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Not Disappointing Enough?

Today’s overall jobs number disappointed, coming in somewhat below expectations. Despite the underwhelming report, marked by a significant decline in government workers and other indicators of softening, it likely was not a sufficiently shocking disappointment to fundamentally alter the course of the congressional negotiations or the election.

American employers added 661,000 new workers to payrolls in September, with private sector payrolls picking up 877,000 new employees. The private sector gains were largely concentrated in service jobs, which saw 784,000 employees gained. Overall government lost 216,000 jobs, driven substantially by a 280,000 decline in state and local education jobs. Combined, over the last 4 months payrolls have recovered about 49 percent of the jobs lost in March and April.

The unemployment (U-3) rate fell 0.5 percentage points to 7.9 percent. The labor force participation rate declined to 61.4 percent, reversing the gains from the previous month. Since May, 3.7 million Americans have entered the labor force, just under half of the roughly 8 million lost in March and April.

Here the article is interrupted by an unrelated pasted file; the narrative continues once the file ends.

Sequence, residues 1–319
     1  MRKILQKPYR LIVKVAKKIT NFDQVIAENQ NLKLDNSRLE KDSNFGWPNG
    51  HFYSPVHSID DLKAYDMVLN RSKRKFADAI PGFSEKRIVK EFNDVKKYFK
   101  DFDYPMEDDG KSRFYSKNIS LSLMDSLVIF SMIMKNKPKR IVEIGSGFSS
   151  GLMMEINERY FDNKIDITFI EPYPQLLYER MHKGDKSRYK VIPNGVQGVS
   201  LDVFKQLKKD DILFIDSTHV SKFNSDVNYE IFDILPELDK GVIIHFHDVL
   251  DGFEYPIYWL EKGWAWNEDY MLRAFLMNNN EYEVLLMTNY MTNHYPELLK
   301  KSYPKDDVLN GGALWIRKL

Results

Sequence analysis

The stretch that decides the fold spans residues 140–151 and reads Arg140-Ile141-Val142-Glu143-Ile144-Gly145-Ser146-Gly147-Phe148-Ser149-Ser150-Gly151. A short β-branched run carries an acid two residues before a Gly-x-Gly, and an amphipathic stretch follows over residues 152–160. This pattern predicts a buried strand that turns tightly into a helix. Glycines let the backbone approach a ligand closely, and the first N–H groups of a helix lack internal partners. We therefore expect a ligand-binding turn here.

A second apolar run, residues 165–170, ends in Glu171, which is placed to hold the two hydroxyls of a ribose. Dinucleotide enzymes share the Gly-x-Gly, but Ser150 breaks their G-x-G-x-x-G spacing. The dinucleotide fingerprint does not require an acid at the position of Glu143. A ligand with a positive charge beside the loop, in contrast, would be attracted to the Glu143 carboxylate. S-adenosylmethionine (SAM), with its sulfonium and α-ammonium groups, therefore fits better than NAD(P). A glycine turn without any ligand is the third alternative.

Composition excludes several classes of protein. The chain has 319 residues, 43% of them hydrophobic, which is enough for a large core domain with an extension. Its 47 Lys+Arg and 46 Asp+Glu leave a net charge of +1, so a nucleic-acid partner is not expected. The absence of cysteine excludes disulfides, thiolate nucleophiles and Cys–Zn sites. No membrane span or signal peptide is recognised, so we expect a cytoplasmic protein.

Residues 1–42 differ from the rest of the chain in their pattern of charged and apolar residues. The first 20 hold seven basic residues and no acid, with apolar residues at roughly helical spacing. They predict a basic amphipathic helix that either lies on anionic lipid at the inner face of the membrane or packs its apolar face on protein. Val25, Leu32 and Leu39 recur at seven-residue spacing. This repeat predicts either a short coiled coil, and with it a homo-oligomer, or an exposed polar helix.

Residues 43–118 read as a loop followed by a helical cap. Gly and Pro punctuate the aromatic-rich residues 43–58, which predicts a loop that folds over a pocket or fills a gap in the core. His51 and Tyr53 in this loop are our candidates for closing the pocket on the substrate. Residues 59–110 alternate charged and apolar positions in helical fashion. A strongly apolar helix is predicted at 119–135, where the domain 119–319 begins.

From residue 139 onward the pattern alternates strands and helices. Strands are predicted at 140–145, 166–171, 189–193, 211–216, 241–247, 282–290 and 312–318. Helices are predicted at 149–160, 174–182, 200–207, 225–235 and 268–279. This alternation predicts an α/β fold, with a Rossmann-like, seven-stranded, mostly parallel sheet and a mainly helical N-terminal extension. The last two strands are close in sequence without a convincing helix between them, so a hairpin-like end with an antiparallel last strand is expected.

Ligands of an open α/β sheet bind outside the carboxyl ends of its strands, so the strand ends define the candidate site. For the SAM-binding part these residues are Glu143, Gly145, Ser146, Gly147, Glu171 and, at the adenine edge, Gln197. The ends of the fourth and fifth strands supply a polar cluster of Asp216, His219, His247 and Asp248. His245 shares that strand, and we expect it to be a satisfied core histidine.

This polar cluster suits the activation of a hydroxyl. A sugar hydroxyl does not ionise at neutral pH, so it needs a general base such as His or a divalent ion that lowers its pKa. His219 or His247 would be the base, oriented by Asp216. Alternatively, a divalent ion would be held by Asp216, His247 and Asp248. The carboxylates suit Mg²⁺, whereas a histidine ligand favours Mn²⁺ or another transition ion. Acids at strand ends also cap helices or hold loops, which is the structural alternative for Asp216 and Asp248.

The unemployment rate dropped for all education levels except for those with some college or an associate degree, for whom it rose by 0.1 percentage points. For those without a high school diploma, it dropped by 2.0 percentage points, the largest drop of any education level. The unemployment rate dropped by 0.8 and 0.5 percentage points for those with a high school diploma and those with a bachelor’s degree or higher, respectively. The unemployment rate decreased for all races. Unemployment decreased by 0.2, 0.3, and 0.9 percentage points for Hispanics, Whites, and African Americans, respectively. Unemployment decreased the most for Asians, dropping by 1.8 percentage points.

Average hourly earnings increased by 2 cents, marking a 4.65 percent yearly gain, while production and nonsupervisory workers gained 1 cent per hour for a 4.60 percent yearly gain. Both figures remain substantially elevated due to the compositional changes in the measured workforce.

Data junkies here’s your fix: The September U-6 (the broadest measure of unemployment) decreased to 12.8 percent, reflecting declines in all measures of labor underutilization.

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